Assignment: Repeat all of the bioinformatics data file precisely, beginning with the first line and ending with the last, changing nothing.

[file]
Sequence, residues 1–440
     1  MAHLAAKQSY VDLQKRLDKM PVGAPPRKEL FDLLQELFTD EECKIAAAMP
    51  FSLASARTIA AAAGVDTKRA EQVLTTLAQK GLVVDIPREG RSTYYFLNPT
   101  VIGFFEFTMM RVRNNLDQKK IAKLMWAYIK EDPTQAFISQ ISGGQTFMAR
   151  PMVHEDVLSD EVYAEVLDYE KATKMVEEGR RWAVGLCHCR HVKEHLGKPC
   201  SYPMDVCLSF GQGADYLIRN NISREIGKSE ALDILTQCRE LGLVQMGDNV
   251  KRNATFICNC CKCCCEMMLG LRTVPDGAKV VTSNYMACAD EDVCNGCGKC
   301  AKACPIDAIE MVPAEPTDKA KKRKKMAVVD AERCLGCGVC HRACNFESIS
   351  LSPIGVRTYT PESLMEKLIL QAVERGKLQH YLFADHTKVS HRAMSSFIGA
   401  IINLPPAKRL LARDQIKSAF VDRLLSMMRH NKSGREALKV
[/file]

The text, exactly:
Sequence, residues 1–440
     1  MAHLAAKQSY VDLQKRLDKM PVGAPPRKEL FDLLQELFTD EECKIAAAMP
    51  FSLASARTIA AAAGVDTKRA EQVLTTLAQK GLVVDIPREG RSTYYFLNPT
   101  VIGFFEFTMM RVRNNLDQKK IAKLMWAYIK EDPTQAFISQ ISGGQTFMAR
   151  PMVHEDVLSD EVYAEVLDYE KATKMVEEGR RWAVGLCHCR HVKEHLGKPC
   201  SYPMDVCLSF GQGADYLIRN NISREIGKSE ALDILTQCRE LGLVQMGDNV
   251  KRNATFICNC CKCCCEMMLG LRTVPDGAKV VTSNYMACAD EDVCNGCGKC
   301  AKACPIDAIE MVPAEPTDKA KKRKKMAVVD AERCLGCGVC HRACNFESIS
   351  LSPIGVRTYT PESLMEKLIL QAVERGKLQH YLFADHTKVS HRAMSSFIGA
   401  IINLPPAKRL LARDQIKSAF VDRLLSMMRH NKSGREALKV